Huge Victory for Gay and Transgender Rights in the Workplace
Based on the Civil Rights Act of 1964, the Supreme Court Rules for Gay and Transgender Rights.
Conservative Justice Neil Gorsuch wrote the opinion, which was joined by Chief Justice John Roberts in addition to the four more-liberal members of the court. “An employer who fires an individual merely for being gay or transgender defies the law,” the opinion said.
For all its cultural and political controversy, Monday’s case was simple, Justice Gorsuch found. He focused on the text of the statute Congress passed in 1964, forbidding workplace discrimination against an individual “because of…sex.”
There was no getting around it, he said: “An employer who fires an individual for being homosexual or transgender fires that person for traits or actions it wouldn’t have questioned in members of a different sex. Sex plays a necessary and undisguisable role in the decision, exactly what Title VII forbids.”
In dissent, however, Justice Samuel Alito, joined by Justice Clarence Thomas, called the majority’s reasoning “preposterous.” Rather than strictly reading the statute, he wrote, “there is only one word for what the Court has done today: legislation.”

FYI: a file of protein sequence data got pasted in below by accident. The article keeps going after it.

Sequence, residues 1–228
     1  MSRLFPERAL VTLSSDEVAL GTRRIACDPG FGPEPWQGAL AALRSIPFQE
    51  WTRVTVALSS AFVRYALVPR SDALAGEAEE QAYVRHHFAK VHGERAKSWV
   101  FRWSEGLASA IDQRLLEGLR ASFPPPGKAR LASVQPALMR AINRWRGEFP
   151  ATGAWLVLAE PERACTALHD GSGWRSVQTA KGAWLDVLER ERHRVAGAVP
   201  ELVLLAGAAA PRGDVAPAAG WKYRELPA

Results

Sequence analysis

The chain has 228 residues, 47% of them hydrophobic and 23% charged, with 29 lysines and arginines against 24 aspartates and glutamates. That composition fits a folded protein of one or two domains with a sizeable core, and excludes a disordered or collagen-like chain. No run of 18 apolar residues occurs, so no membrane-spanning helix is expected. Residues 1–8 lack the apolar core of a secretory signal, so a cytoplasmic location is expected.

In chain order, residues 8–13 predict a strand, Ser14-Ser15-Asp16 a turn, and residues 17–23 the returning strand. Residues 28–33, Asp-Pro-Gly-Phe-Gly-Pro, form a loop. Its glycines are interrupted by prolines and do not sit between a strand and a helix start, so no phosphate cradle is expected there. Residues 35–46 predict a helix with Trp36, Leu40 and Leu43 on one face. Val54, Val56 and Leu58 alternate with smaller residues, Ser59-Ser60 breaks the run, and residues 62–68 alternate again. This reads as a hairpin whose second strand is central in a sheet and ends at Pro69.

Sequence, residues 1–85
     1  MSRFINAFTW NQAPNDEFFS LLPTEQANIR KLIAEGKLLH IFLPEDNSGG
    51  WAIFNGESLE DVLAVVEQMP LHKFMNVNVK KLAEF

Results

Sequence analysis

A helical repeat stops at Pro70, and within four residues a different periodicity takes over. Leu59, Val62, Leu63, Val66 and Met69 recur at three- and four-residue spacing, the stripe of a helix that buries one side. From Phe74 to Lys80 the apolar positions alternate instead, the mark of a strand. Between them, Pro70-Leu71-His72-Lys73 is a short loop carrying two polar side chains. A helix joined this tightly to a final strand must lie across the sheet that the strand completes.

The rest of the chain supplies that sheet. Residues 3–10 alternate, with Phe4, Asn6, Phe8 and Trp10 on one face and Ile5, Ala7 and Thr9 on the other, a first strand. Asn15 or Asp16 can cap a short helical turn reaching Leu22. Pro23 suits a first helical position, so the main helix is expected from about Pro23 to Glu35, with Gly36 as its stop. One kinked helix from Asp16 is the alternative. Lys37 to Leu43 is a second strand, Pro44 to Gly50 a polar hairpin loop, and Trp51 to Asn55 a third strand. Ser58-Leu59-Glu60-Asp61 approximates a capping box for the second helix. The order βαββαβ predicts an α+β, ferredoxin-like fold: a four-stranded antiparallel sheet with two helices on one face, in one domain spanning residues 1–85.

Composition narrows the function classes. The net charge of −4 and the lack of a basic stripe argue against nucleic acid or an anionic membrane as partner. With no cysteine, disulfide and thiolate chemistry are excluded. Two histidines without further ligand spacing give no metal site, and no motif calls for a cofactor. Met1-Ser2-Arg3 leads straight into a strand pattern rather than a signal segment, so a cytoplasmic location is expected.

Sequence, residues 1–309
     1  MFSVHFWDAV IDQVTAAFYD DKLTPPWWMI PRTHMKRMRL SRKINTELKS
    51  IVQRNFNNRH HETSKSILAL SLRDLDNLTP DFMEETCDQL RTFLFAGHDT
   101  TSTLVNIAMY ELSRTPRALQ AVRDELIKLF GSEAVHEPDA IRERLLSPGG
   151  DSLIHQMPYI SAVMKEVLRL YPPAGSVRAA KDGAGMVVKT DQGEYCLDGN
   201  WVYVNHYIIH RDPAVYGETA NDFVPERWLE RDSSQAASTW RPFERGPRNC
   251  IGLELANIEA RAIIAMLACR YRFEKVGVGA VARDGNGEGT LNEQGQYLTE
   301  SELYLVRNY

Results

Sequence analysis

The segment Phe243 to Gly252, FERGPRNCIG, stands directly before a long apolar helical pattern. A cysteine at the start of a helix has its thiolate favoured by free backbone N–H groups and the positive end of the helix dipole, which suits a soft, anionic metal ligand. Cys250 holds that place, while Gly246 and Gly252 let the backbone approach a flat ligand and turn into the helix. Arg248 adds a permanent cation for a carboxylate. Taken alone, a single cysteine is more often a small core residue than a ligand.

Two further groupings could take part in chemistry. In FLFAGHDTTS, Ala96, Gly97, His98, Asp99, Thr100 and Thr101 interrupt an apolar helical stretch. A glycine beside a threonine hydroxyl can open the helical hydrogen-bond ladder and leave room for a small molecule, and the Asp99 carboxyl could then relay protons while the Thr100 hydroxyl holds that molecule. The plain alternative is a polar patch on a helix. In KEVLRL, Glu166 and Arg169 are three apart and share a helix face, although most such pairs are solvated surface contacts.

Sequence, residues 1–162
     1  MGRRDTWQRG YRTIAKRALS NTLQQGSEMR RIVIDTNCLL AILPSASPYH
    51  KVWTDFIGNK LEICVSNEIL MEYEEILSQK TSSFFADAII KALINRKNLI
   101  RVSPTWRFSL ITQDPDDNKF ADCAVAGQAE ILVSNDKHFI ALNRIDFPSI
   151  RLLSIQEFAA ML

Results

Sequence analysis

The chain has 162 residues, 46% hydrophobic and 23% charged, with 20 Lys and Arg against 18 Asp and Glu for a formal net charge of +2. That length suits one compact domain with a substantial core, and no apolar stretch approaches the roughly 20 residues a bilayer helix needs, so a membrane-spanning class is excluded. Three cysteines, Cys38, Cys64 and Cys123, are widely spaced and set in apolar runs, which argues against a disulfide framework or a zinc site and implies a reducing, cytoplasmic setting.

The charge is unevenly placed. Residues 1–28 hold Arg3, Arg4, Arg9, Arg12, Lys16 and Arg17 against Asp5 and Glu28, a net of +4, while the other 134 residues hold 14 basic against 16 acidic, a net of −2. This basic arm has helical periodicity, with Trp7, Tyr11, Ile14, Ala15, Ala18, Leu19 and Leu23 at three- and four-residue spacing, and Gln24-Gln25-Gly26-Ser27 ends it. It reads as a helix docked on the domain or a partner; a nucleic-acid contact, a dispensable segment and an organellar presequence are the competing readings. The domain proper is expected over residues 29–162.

Yes, of course.
The minority opinion was preposterous.
Gorsuch upheld the spirit and the letter of the 1964 law, no more no less.
The Trump administration argued that the 1964 law doesn’t cover LGBT workers. That position ran counter to the views of the U.S. Equal Employment Opportunity Commission, which argued that Title VII forbids any employment discrimination based on gender identity or sexual orientation.
Once again Trump appeals to his base for the nth time.
Republicans and Democrats alike want the law to be upheld (except when they don't).
Today, Trump and the Republicans want an activist court to rule on something other than the law says. Most of the time Republicans bitch about the activist court.
This is a losing issue for Trump. Those who agree with him will never vote for anyone other Trump, ever.